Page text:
Accountability of the Police, and operational independence of policing from political influence

This text is based on a version that I wrote in my capacity as Head of the European Union Police Mission in Bosnia&Herzegovina, in 2012. I replaced the specific links to this amazing and so much torn country on the Western Balkans with more general contexts. What came out of it has deep relevance to everything I am doing these days.
“The rule of law is a principle basing the relationship between citizens and authorities on a legal framework rather than the arbitrary execution of power. It ensures that any government action is based on law and legality. As the late British Judge Tom Bingham describes it: “All persons and authorities within the state, whether public or private, should be bound by and entitled to the benefit of laws publicly made, taking effect (generally) in the future and publicly administered in the courts.“
Law is made by a political process. The application of law is ensured by an apolitical system of governance. Actions of police and other parts of the executive are governed by this law. These laws are the only basis and set the limits of democratic policing. The limits of policing are also to be found in international human rights norms, such as the European Convention of Human Rights which is directly applicable law in Bosnia and Herzegovina. When police interacts with citizens, all actions have to be within the legal framework set for those interaction. No questioning of a witness or a suspect, no arrest, no seizure of evidence may happen without a legal framework providing for it. No arrest, interrogation or search must happen on political request or undue influence.
It is the very fact that interactions of the police with citizens are bound by law which constitutes the basis for the principle of “operational independence”. Because the law has no space for political interpretation, the police applies the law without political interference, but based on the principle of legality.
The police must also act on concerns and requests of citizens. Setting policing policies is part of government action and requires strategic political decisions. The professional conduct of police is based on modern values cultivated by leadership. Leadership has to lead by example.
This requires responsible education and training. Policing as a service is consuming public resources. For all this, and more, the police must account for. Thus, operational independence and adherence to the law does not exempt the police from being accountable on administrative and managerial levels, within a larger system of governance. All parts of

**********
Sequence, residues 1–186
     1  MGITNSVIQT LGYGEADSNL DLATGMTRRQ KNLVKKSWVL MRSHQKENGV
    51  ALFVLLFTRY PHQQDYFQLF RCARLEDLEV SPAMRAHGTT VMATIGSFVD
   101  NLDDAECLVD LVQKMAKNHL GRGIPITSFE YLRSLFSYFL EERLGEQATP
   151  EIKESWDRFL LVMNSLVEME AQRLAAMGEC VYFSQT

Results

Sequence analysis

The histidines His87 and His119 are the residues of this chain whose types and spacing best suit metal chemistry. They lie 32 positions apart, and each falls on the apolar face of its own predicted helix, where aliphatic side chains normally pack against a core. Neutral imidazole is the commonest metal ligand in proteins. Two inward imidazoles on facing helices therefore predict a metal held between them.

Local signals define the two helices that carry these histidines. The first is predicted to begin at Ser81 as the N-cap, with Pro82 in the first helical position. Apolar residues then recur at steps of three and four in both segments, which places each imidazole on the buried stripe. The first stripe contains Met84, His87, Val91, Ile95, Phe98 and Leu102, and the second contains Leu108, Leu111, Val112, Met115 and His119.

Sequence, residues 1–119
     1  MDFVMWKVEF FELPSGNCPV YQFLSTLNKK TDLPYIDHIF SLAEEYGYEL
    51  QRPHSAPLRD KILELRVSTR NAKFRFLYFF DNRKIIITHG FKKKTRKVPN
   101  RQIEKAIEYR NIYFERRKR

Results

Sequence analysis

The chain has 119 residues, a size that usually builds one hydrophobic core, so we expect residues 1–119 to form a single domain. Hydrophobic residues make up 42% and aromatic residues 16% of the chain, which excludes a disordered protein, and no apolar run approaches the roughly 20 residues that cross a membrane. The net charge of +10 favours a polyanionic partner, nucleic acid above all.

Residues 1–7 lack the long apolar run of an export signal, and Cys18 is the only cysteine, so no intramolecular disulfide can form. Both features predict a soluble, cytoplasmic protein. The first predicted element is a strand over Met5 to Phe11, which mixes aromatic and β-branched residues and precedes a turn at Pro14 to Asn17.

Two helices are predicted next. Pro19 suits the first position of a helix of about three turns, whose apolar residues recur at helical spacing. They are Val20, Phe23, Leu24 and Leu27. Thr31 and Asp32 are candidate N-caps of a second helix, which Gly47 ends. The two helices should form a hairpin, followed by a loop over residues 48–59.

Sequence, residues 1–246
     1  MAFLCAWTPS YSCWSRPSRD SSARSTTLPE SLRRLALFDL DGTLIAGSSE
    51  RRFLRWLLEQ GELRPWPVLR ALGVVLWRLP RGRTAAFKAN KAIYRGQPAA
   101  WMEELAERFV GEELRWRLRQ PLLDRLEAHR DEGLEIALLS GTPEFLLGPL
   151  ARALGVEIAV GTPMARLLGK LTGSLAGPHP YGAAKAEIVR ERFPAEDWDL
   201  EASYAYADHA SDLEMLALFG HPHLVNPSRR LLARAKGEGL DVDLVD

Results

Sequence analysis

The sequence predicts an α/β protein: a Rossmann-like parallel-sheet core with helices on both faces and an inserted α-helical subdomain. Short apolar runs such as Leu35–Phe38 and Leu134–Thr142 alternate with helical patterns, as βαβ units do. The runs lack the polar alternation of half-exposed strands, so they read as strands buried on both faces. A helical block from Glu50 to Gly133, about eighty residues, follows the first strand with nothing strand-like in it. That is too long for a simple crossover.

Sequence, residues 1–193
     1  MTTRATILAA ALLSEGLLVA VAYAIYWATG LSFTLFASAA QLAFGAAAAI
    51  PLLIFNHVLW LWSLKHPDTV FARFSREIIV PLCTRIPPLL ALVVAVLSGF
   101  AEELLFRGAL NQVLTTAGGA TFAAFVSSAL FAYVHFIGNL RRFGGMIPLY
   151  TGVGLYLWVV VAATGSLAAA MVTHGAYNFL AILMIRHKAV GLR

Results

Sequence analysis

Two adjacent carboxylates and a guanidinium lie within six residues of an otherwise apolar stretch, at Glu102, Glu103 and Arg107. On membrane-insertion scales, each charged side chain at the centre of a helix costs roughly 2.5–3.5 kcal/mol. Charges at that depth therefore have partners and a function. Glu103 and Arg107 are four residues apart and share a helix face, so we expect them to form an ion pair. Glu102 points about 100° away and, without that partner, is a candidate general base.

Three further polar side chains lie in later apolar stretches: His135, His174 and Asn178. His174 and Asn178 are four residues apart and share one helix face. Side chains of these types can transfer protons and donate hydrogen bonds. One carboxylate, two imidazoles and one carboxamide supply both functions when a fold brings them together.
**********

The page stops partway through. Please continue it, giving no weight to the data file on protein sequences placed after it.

public administration, including the police, are part of the executive branch, and as such, policing is also subject to legitimate policy discussions. This is necessary to reflect the interests and demands the citizens channeled through the democratic process. Police action is therefore also subject to the scrutiny of the courts.
Appropriate solutions must integrate the police into a reliable framework of accountability. In all situations where the International Community assists in the reestablishment of governance, affected by conflict, broken down as a consequence of conflict, or having been part of the conflict, a home-grown solution ensuring accountability has to be found. In our assistance to the establishment of sustainable policing arrangements and the rule of law in countries affected by conflict, international policing is monitoring and advising on the establishment of a better system of law enforcement.
Such a system is the true cornerstone of the rule of law. We respect the political discussions about the legal framework that govern the work of the police. Law is never static. Its development is an important element of democratic life. In the resulting democratic discourse, international policing assistance is not party and cannot take sides.
Our role relates to whether a law meets requirements, standard, and best practice. A political discussion whether lawmakers are motivated by the right spirit, or not, is not a discussion in which international policing has a public place. However, we raise our voices internally, in true partnership with those who we assist.
Publicly, we may assess whether any of the laws in question does contribute to a legal framework in a manner that is reflecting international standards, and international principles. We also monitor and assess whether practical action of authorities, be it police, criminal justice system, or ministries, adhere to text and spirit of the law, to the rule of law and to the principles of democratic governance.
We encourage that the actors in the political arena lead a discussion in an open, fair, factual and transparent manner. A meaningful discussion needs to involve consultation of all stakeholders, and the general public. This will allow for a discussion about substance which should replace rhetoric. This applies also to stakeholders from the police. We expect and see that police is invited to contribute their opinion as experts.
Experts should limit their contributions to expertise and refrain from participating in the political exchange of arguments. Otherwise, important factual contributions get blurred in political rhetoric undermining the credibility of the arguments.
The area of justice, liberty and security is a particularly important field for the rule of law. The ability to discuss and pass relevant legislation remains an important test for the maturity of any democracy.”

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